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From the Monolith to Micro-Services

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This short Enterprise Architecture vignette, presented at the GOTO Aarhus 2014 conference, outlines the near-universal architecture evolution of a software system from a monolithic application, to a multi-tiered system with monolithic persistence, ultimately to a network of small, simple micro-services. It illustrates a real-world example of layered internal services at Google -- the Google Cloud Datastore -- and describes a simple set of migration practices to get from here to there. It concludes with more advanced topics around vendor-customer service relationships within an enterprise, formal SLA promises by service providers, and charging and cost allocation models.

Published in: Technology

From the Monolith to Micro-Services

  1. 1. From the Monolith to Micro-Services Randy Shoup @randyshoup linkedin.com/in/randyshoup
  2. 2. The Monolithic Architecture • Single, vertically-integrated unit • “The System” The System
  3. 3. The Monolithic Architecture Pros Simple at first In-process latencies Single codebase, deploy unit Resource-efficient at small scale Cons Coordination overhead as team grows Poor enforcement of modularity Poor scaling (vertical only) All-or-nothing deploy (downtime, failures) Long build times
  4. 4. The Monolithic Architecture, v2 • Set of monolithic tiers • “The front-end”, “The app server”, “The database” Presentation Application Database
  5. 5. The Monolithic Database Pros Simple at first Join queries are easy Single schema, deployment Resource-efficient at small scale Cons Coupling over time Poor scaling and redundancy (all-or-nothing, vertical only) Difficult to tune properly All-or-nothing schema management
  6. 6. Micro-Services • Single-purpose • Simple, well-defined interface • Modular and independent • More graph of relationships than tiers • Fullest expression of encapsulation and modularity • Isolated persistence (!) A B C D E
  7. 7. Micro-Services Pros Each unit is simple Independent scaling and performance Independent testing and deployment Can optimally tune performance (caching, replication, etc.) Cons Many cooperating units Many small repos Requires more sophisticated tooling and dependency management Network latencies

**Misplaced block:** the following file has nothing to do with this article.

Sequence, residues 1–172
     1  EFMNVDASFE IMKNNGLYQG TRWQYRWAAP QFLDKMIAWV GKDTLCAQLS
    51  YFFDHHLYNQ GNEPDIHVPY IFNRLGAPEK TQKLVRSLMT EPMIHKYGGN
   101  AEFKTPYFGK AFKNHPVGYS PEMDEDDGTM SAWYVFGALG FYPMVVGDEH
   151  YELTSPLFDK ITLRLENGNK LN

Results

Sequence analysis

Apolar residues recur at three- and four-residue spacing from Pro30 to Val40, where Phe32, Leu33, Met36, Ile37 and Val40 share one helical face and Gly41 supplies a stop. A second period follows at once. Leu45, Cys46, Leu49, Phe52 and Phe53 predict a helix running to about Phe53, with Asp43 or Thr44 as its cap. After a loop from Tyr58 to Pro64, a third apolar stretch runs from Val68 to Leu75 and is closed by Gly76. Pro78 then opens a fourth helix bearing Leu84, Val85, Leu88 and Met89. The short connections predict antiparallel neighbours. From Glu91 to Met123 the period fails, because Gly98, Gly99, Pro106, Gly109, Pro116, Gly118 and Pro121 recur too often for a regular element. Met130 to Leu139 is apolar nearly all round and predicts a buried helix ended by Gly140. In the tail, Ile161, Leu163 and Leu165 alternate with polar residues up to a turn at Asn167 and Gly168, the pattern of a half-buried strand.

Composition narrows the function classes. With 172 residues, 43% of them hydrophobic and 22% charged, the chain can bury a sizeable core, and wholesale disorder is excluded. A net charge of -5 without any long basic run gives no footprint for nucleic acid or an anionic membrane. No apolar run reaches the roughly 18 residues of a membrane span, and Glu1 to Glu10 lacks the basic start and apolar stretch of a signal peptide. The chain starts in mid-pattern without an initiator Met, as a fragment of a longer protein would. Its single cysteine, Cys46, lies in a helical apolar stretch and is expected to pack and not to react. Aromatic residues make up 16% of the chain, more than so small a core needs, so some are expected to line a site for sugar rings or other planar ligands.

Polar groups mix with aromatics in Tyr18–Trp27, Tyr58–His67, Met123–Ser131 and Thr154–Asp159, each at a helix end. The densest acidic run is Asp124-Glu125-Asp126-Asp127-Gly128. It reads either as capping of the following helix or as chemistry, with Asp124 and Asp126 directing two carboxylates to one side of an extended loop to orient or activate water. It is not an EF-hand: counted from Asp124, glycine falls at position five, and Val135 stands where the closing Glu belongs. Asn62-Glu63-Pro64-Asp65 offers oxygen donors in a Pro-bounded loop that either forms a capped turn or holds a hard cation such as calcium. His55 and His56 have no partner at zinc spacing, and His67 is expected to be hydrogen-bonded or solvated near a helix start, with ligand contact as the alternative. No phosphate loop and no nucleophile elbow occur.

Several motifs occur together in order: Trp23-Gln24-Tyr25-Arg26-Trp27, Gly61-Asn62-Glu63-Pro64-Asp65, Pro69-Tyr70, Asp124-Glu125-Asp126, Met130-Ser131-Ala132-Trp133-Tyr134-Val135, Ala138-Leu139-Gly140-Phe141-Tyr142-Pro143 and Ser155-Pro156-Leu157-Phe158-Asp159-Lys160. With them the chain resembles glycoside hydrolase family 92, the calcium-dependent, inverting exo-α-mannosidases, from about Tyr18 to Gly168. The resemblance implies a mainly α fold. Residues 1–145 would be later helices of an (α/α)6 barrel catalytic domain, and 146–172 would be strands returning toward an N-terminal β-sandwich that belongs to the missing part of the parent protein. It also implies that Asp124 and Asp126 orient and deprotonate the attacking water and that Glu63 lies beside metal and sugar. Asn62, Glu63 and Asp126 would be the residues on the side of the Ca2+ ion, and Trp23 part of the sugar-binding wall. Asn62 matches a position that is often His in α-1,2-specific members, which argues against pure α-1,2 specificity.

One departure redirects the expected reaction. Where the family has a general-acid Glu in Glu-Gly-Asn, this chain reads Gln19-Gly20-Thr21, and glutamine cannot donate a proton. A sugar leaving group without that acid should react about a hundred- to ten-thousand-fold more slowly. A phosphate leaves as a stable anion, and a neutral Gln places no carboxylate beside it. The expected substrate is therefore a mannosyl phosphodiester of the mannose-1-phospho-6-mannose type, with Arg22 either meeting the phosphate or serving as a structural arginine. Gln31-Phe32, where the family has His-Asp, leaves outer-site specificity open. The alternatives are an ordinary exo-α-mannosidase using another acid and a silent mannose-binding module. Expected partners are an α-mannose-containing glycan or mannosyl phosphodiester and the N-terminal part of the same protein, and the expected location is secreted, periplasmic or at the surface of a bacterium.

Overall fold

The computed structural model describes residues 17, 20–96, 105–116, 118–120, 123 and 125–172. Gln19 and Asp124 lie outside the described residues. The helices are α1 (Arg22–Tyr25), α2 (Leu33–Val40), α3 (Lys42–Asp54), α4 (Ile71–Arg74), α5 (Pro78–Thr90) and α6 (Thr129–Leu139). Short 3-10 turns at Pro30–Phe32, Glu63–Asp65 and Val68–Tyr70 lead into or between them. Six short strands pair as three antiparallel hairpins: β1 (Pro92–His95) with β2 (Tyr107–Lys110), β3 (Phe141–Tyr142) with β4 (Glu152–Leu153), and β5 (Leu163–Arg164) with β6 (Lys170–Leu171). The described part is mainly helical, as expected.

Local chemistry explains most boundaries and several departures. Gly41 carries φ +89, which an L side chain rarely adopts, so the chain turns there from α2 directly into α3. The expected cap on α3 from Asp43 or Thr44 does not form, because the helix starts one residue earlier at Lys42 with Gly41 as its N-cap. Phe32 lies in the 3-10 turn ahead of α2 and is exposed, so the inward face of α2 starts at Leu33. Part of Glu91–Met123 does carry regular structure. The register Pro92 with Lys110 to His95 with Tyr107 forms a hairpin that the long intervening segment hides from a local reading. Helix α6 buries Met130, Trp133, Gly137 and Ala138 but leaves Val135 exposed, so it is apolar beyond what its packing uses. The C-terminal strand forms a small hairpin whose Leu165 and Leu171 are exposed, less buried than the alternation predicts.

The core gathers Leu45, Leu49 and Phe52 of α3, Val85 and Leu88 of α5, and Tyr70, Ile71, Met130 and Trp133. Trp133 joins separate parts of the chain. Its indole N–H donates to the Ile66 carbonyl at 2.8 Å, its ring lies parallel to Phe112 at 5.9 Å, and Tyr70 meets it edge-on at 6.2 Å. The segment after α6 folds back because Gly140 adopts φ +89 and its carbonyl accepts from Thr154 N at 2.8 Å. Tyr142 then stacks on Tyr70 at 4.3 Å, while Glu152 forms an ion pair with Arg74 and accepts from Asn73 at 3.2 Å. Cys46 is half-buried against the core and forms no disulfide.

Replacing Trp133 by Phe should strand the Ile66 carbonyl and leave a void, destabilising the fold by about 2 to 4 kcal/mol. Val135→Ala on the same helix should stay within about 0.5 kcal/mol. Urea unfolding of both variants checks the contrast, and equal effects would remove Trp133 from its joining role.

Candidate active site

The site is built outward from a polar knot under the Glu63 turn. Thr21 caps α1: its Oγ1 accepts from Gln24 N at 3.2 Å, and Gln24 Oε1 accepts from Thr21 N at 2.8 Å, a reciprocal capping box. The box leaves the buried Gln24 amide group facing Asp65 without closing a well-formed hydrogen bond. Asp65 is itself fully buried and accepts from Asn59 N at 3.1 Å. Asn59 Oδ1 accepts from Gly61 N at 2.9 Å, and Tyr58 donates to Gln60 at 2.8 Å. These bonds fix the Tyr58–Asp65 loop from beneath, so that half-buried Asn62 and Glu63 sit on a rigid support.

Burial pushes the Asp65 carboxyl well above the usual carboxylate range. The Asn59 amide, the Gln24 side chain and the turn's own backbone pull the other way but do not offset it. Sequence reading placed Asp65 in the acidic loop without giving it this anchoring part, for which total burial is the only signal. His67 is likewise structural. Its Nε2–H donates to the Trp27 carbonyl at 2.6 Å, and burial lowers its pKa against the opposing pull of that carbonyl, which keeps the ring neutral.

8. 8. Google Cloud Datastore • Cloud Datastore: NoSQL service o Highly scalable and resilient o Strong transactional consistency o SQL-like rich query capabilities • Megastore: geo-scale structured database o Multi-row transactions o Synchronous cross-datacenter replication • Bigtable: cluster-level structured storage o (row, column, timestamp) -> cell contents • Colossus: next-generation clustered file system o Block distribution and replication • Cluster management infrastructure o Task scheduling, machine assignment Cloud Datastore Megastore Bigtable Colossus Cluster manager
  9. 9. Pro-Tips: Building a Micro-Service • Common Chassis o Make it trivially easy to build and maintain a service • Define Service Interface (Formally!) o Propose, Discuss, Agree • Prototype Implementation o Simplest thing that could possibly work o Client can integrate with prototype o Implementor can learn what works and what does not • Real Implementation o Throw away the prototype (!) •  Rinse and Repeat
  10. 10. Transition to Service Relationships • Vendor – Customer Relationship o Friendly and cooperative, but structured o Clear ownership and division of responsibility o Customer can choose to use service or not (!) • Service-Level Agreement (SLA) o Promise of service levels by the provider o Customer needs to be able to rely on the service, like a utility • Charging and Cost Allocation o Charge customers for *usage* of the service o Aligns economic incentives of customer and provider o Motivates both sides to optimize

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